'It was a scene from the TV show Doctor Foster that inspired the brick wall. I found the still online and added it to my Pinterest board. I was set on having one, so when I saw the builders putting in breeze blocks, I was like, “Where’s the brick?” We used brick slips in the end, which are about two centimetres thick and go on like tiles, except you have to be more careful with the grouting. I like the fact that it ties in with the original brick-built house.'

4. Use a colour wheel to nail your scheme…

Living room with Art Deco-style feature wallpaper on one wall, teal paint on the others; parquet wood floor, grey L-shaped sofa, wooden coffee table and ornate blue and wood cabinets

Flooring, Floor Monster. Wallpaper and Inchyra Blue wall paint, Farrow & Ball. Sofa, Sofology. Ceiling light, Dunelm. Coffee table and sideboard, vintage

(Image credit: Chris Snook © Future)

'I’m a massive fan of Pinterest and had a mood board for each room. Being quite arty, I tend to pick contrasting hues on a colour wheel for a scheme, like the pink in the lounge against the teal walls. I do a lot of theatre as an actress, which I think influences my home. And a lot of the artwork in our house was donated by one of our friends, who’s South African and uses a lot of colour in their work.'

5. … but don't be afraid to bend the rules!

Guest bedroom with blue upholstered bed against blue geometric feature wallpaper, blue bedside chest of drawers and pink throw

Wallpaper, Dunelm. Whale art prints, Quantum Prints via Etsy. Bed, Made. Bedside table, Ikea. Pom-pom and yellow and white cushions, Amazon. Whale cushion, made with fabric from Myfabrics.co.uk. Rabbit lamp, Iconic Lights

(Image credit: Chris Snook © Future)
Costs & contacts

Build cost £200,000
Kitchen £12,000
Furniture and décor £6,000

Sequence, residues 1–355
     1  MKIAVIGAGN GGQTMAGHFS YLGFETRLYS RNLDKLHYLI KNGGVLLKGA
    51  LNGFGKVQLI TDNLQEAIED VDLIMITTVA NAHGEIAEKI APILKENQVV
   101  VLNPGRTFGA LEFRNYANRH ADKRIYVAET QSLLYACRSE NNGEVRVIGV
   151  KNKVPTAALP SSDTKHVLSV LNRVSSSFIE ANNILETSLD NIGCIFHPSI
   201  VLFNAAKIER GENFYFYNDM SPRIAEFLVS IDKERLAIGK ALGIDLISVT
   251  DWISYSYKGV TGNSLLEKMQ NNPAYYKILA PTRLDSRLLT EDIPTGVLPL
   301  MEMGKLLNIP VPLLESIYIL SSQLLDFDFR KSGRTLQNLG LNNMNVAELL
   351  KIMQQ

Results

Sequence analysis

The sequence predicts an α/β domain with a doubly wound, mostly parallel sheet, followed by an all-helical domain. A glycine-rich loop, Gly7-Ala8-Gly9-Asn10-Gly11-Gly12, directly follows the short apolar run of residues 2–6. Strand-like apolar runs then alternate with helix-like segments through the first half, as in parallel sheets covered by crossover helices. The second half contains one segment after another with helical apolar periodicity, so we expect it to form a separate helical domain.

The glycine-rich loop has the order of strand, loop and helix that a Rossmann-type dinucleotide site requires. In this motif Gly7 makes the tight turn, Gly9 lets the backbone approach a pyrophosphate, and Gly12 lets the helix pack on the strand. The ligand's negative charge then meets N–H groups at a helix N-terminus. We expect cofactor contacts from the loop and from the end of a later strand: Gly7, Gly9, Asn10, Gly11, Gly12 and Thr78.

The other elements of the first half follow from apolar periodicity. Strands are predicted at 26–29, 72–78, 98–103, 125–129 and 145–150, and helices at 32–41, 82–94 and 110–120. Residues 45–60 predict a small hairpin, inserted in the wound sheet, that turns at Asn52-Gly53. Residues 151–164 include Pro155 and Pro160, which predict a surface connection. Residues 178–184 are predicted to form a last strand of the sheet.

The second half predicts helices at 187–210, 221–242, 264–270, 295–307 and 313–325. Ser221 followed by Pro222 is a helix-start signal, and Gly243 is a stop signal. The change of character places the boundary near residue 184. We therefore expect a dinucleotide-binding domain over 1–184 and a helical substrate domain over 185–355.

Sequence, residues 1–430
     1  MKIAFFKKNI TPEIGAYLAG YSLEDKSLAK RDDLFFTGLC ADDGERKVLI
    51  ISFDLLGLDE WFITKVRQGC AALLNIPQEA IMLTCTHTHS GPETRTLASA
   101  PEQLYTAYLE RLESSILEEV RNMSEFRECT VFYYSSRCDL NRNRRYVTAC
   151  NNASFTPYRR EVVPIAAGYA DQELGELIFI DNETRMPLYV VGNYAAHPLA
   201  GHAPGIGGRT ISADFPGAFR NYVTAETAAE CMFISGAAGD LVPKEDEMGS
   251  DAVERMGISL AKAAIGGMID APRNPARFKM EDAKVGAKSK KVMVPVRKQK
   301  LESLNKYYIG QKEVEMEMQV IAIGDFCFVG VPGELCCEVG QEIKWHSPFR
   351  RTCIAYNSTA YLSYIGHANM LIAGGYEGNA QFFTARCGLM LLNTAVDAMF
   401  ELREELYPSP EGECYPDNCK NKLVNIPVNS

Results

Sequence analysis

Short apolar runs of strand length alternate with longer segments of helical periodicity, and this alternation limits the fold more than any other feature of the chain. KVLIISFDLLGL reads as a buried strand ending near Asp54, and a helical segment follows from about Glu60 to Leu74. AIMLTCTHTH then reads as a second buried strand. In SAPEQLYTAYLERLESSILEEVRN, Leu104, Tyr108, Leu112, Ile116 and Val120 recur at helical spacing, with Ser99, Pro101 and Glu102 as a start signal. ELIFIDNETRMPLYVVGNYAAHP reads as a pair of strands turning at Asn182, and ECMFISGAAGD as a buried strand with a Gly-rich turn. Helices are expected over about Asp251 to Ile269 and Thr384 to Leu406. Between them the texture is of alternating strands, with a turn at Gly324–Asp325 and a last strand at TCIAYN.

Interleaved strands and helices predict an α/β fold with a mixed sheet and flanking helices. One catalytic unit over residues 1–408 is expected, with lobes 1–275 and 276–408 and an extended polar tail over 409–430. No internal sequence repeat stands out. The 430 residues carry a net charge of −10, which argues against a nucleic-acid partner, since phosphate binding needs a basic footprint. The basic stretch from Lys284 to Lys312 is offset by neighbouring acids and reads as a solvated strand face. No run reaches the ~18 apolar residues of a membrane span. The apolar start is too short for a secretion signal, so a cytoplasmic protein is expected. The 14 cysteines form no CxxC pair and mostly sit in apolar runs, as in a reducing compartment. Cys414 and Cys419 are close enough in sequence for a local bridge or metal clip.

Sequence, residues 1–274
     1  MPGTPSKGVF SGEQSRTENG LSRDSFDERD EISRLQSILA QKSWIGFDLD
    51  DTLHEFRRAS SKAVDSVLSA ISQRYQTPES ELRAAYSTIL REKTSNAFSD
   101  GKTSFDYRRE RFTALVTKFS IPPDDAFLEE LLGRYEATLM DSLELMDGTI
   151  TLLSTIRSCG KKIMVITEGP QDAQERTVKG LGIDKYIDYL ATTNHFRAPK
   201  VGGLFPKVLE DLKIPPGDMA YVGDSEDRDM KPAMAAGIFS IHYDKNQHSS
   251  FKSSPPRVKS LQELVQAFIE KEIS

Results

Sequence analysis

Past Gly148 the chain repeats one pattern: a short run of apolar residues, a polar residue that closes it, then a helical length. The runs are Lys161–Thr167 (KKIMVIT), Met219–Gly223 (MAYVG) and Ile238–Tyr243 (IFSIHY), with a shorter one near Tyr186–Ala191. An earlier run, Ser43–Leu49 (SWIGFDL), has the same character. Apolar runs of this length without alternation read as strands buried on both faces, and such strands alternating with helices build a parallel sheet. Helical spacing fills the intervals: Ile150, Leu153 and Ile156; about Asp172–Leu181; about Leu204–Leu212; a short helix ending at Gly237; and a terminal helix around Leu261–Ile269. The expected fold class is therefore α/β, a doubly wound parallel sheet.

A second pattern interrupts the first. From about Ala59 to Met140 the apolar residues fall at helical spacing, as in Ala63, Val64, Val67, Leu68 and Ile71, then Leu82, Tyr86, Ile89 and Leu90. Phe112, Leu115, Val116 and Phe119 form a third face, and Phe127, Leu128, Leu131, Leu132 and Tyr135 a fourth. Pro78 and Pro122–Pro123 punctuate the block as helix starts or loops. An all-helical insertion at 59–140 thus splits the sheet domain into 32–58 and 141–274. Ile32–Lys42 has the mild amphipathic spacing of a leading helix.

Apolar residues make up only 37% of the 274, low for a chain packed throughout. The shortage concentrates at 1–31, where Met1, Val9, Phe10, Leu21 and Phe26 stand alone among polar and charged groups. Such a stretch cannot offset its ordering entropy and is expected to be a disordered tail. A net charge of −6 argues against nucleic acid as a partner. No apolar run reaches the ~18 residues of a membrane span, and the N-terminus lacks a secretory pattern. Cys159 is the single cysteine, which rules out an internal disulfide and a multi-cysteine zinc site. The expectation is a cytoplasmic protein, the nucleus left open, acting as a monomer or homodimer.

Professional fees £5,000
Bathrooms £4,000

Architect David Balkind of Draw & Plan

'The spare bedroom is nice to have, especially as we have a lot of friends who stay over. The wallpaper is actually adhesive – we wanted a bit of a quirky, bold print and this fit the bill. I love the look of the whale pictures, too.

'I love the 1920s, so there’s a lot of Art Deco in each room, but I wanted a different theme for each space. The living room at the front of the house, for example, doesn’t get much sunlight. I disagree with the idea that you have to use light colours in dark rooms. I went for Farrow & Ball’s Inchyra Blue as I love teal, and got the wallpaper from there to match.'

6. Your home doesn't have to be unified

Bathroom with marble-effect wall tiles, grey roll top bath, grey vanity unit and blue in-shower metro tiles

Marble wall tiles, Walls & Floors. Vanity unit and bath, Victoria Plum. Mirror, Exclusive Mirrors. Wall lights, Ikea 

(Image credit: Chris Snook © Future)

'The bathrooms all have a different feel. There’s a wet room downstairs, which is handy for Dad and also for the hot tub in the garden. Our en suite (pictured) has lots of gold and duck egg blue, while the main bathroom has a botanical/jungle theme – wood-effect tiles, bamboo, lots of plants and a leaf-print blind.'

7. Take it room by room to avoid overwhelm

Bedroom with blue painted wall, feature wall with blue wallpaper, bed with white bedding and yellow throw, and Juliet balcony dressed with blue curtains

Walls painted in Azure Fusion 2, Dulux. Wallpaper, Hovia. Bed, Happy Beds. Chair, Ebay, upholstered with fabric from Myfabrics.co.uk. Ceiling light, Dunelm. Bedside table, Ikea. Art over bed, Magic of Disney Art

(Image credit: Chris Snook © Future)

'The project was overwhelming at times because you're making every single choice. It got to the point where the electrician was asking what height we wanted the plug sockets, and my answer to everything was just ‘a normal height’! My advice to anyone taking on a renovation is to take it one room at a time. It might feel slow-going, but it feels like a real accomplishment when you've finished.'

Subscribe to Real Homes magazine
Want even more great ideas for your home from the expert team at Real Homes magazine? Subscribe to Real Homes magazine and get great content delivered straight to your door. From inspiring completed projects to the latest decorating trends and expert advice, you'll find everything you need to create your dream home inside each issue.

Ellen Finch
Ellen Finch

Joining as features editor in 2017, Ellen now looks after the day-to-day running of Real Homes magazine as deputy editor. She also commissions and writes many of the real case studies you'll see on the site, and loves speaking to people about their homes and get the details on the hacks they've tried and loved. She's currently gearing up to buy a home of her own in 2023 – hopefully with a garden to plant veg and wildflowers – and has a special interest in sustainable living, clever book storage, and cats.

SPONSORS